‘Some wandered in desert wastelands, finding no way to a city where they could settle. 
They were hungry and thirsty, and their lives ebbed away. 
Then they cried out to the Lord in their trouble, and he delivered them from their distress.’ 

I don’t know how this story ends but when we don’t know what to do, our eyes must be fixed on God and He is merciful and just.

What was it about working with refugees that made you take such a leap of faith, to leave your job and make such a radical change to your life? Was this what you always envisioned yourself doing?

I truly never thought myself ‘good’ enough to be doing something like this. What on earth do I have to offer? I’m too much of a mess, too soft, too weak. That is why I am certain it is all by God’s grace and strength. 

I think it was always a desire in my heart to reach out to the hurting but I had got distracted by life’s riches and pleasures which had still left me feeling empty. It was only when that hole was filled by putting my trust in Jesus and discovering about how He so radically loves and cares for the least, last and lost that these desires started stirring up and overflowing into action. 

I found an old letter to Father Christmas that I had written aged 7. Between asking for nail-varnish, high heeled shoes and some sweets (!), I wrote ‘I always want to give to people on the roads because I want to be kind… I do not want there to be poor. I want there to be healthy people because they could die and even if I did not know them I would probably cry.’ 

I think something in me has always been broken-hearted for the stranger, and I definitely shed many tears thinking about the suffering of people who were forced to flee their homes. I was so moved every time we prayed for the Middle East at church meetings and services, and I started exploring ways to do more than pray. 

That was really what triggered the move to quit my job. While sitting in meetings in London city boardrooms, all I longed for was to be sitting face-to-face with a refugee showing them that God cares and loves them. I cannot believe this is now my reality and that God answered my prayer and invited me to show His compassion. It is a true privilege and there is no place I’d rather be.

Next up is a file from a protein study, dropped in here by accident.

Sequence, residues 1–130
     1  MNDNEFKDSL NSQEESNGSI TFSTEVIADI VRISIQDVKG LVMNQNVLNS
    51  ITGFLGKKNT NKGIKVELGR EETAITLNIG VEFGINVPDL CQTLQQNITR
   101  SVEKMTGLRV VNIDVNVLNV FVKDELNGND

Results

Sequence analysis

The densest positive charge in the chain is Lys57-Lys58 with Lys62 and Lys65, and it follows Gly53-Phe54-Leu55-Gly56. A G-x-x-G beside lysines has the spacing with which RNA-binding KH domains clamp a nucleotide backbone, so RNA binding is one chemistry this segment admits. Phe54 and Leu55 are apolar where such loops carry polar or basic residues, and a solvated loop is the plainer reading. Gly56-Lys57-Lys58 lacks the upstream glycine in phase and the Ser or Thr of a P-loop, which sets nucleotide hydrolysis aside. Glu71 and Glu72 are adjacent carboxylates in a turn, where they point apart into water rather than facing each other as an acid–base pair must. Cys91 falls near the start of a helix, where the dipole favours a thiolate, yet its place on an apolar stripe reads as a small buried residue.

What does a typical day look like for you?

There have been several chapters whilst here in Greece. I started off working behind the scenes doing HR and admin for a humanitarian organisation - so very much behind the desk learning the ropes. I started doing some outreach on the weekends and evenings because it was actually quite easy to live in this tourist city and forget the troubles all around us. After this role ended, for 3 months I was volunteering by visiting homes of mostly vulnerable refugee families and trying to connect them with lawyers, doctors etc… and shared a lot of great food! 

God is forever faithful and I am now hired again with the first organisation working in a teahouse which is an amazing ministry serving hot drinks and providing essential information to around 300-400 visitors every day alongside daily bible studies. God has a great sense of humour and I am also now teaching the women German! 

So a lot of time is sat on cosy cushions in our women’s space and kids space drinking tea and talking about life. Balanced out with reporting and telling the story of what God is doing here in excel format! It is far from glamorous work with lots of wiping snotty kids’ noses and cleaning toilets. Please pray for us as a team and for the guests who walk through the door.

During your time working with refugees, how have you seen lives changed?

I am continuously challenged by the truly tangible joy and hope the new believers have regardless of their ongoing tough circumstances and uncertainties.

Their lives have been so transformed coming from Muslim backgrounds and encountering Jesus in dreams and through miracles. They know what it means to be rescued and now be alive and set free. The local migrant churches here are so exciting and God is scattering people around Europe to continue to share His word and truth. 

Seeing refugees spend their evenings doing street outreach giving tea and sandwiches to homeless Greeks or refugees, desperate to share the difference Jesus has made in their life, praying for them and encouraging them does a whole lot of good to my heart.    

A Matter of the Heart

A Matter of the Heart

What Can I Give Him: Exodus 2

What Can I Give Him: Exodus 2